Exactly what, a German friend asked the other day, is an oxymoron?

It's usually easier to give an illustration than to define "sharply foolish" (Question: is the definition of oxymoron itself an oxymoron?) so I threw at him what is probably the most frequently- quoted example: "Military Intelligence."

This was lost on him, but it does give me the opportunity to relate that a Nato general recently told a former colleague of mine, rather condescendingly, he thought, that his reporting from Croatia had been "not inaccurate" - offering the Heaven-sent providence for him to reply: "Which is more than can be said for your bombing..."

But I digress.

"Epicurean Pessimist", coined by Voltaire in 1890, didn't work for Uli either.

I tried "Considerate German" with similar results, and then "Friendly Fire". It was not until somewhere after "Good Lawyer" and "Helpful Accountant" and between "Free Service" and "Internet Helpline" that he finally twigged.

"Ach zo!" he exclaimed (I exaggerate only slightly).

"Then what about 'Open University'?"

At this stage I was sorely tempted to sprint back to the top of this column and add "German Friend" to the list.

Instead, overcome, apparently, by a fit of diplomacy, I went into the spiel (Good German Word?) about the OU's being open as to access, open as to opportunity, open as to distance, to people, to places, to methods, to ideas...

He said that of course he knew all that.

He was, he said, referring to every other university.

There's probably no such thing, these days, anywhere, I conceded, as an open campus.

I remember how one vice- chancellor of my acquaintance was heartbroken at the realisation that he had to approve manned entrance barriers and gates, and coded locks on all the doors, in addition to having every scanner, computer screen and hard drive bolted down to prevent their walking.

(When I first went to Fleet Street, I had tried to console him, all the typewriters were chained down - but that was less to prevent theft than to stop reporters throwing them. This was before the discovery of Stress Counselling.)

So what about student access to conventional universities, Ulrich persisted. They're hardly "open", are they?

But they are. They are. We have this constant quote about how in my day only three per cent went to university, and now it's more than ten times that number. And the scurrilous Press, especially of the broadsheet persuasion, is always searching for - and, shock, horror, inevitably, finding - instances of degree courses in Brick-laying and Golf Studies.

And when they have exposed these and similar outrages they move on to how standards for admission have declined from three high-grade A-levels, in their day, to the ability to spell "eleven-plus". (By the way, in my experience, nine out of ten graduates are unable to spell the word "overdraft".)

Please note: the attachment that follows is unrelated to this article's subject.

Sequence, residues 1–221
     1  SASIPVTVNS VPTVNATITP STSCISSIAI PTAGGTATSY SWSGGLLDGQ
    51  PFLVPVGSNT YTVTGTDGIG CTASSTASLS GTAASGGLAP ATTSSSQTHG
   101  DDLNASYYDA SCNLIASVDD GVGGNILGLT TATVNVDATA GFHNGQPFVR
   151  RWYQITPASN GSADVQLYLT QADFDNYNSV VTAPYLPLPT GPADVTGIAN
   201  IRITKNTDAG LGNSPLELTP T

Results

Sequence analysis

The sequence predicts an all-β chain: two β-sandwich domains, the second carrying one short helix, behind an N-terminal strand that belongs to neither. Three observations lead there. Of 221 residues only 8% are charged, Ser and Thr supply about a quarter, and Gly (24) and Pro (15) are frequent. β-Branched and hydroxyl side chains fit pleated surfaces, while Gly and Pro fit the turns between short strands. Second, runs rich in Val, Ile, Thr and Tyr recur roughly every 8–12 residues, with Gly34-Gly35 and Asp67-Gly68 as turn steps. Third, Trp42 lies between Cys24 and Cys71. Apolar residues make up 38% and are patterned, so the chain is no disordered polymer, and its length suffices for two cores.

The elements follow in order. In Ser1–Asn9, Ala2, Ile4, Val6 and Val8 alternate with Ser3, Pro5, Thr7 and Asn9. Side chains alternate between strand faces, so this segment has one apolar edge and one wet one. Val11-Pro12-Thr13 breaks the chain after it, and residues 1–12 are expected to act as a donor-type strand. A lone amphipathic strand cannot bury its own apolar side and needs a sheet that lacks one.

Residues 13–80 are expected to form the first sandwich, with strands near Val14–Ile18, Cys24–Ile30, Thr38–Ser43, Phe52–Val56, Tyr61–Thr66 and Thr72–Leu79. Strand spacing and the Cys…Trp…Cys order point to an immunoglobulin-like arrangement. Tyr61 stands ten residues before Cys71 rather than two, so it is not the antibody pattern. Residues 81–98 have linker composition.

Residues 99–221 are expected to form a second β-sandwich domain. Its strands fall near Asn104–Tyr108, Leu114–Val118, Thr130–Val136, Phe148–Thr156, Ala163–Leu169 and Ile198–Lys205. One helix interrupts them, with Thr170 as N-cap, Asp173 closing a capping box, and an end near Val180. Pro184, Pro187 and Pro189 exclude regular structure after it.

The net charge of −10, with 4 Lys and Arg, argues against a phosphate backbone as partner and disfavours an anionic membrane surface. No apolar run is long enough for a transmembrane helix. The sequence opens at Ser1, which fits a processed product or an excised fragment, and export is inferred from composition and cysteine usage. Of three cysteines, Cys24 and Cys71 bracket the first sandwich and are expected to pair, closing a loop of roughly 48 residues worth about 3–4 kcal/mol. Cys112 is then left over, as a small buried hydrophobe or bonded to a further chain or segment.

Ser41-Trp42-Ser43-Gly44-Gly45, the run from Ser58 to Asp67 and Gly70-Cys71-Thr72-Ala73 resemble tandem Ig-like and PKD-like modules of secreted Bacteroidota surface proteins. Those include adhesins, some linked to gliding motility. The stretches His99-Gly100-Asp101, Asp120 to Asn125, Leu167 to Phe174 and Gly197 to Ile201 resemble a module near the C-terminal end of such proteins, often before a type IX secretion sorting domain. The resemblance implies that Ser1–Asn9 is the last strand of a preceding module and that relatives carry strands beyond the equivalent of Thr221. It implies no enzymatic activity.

How "open" can you get?

How "open" do you want?

And the conventional universities have just gone through this great annual trauma of "clearing", which always seems to concentrate the mind. I received an e-mail during August from a bemused friend at a former polytechnic with the message:

"We need only 4,000 more students - and then we'll have achieved our recruitment target for this year!"

Sounds pretty open to me.

Of course, it shouldn't matter to "conventional" universities, any more than it does to the OU: what matters is not so much what you've done, as what you can do. If you start a degree, can you finish it?

There's one university on mainland Europe - the only one, I believe, that has more than the OU's 160,000 students - which has a drop-out rate of 70 per cent.

Bums on seats are all very well, but this one has more bums than it has chairs, so the likelihood is that, if everybody turned up, some would perforce be sent home.

Eventually, like distance learning (this space, last month), they will all get round to doing things the OU way.

But don't hold your breath. As I could have said to Uli, there's such a thing as "Academic Progress"...

Users of the OU alumni website (www.openlink.org) may be scanning these pages for a handful of reviews of books by OU graduates, as promised in a recent round-robin to registered members. The reviews have been forced out by pressure on space but will appear in the October 5 issue. Meanwhile, if any reader and OU graduate or student (or staff member, even) is about to burst into print, it would be a good idea to ensure that a review copy is sent to Open Eye at the address opposite. If we don't know about it, we can't write about it. Or should we perhaps add to the list, "Modest Author"?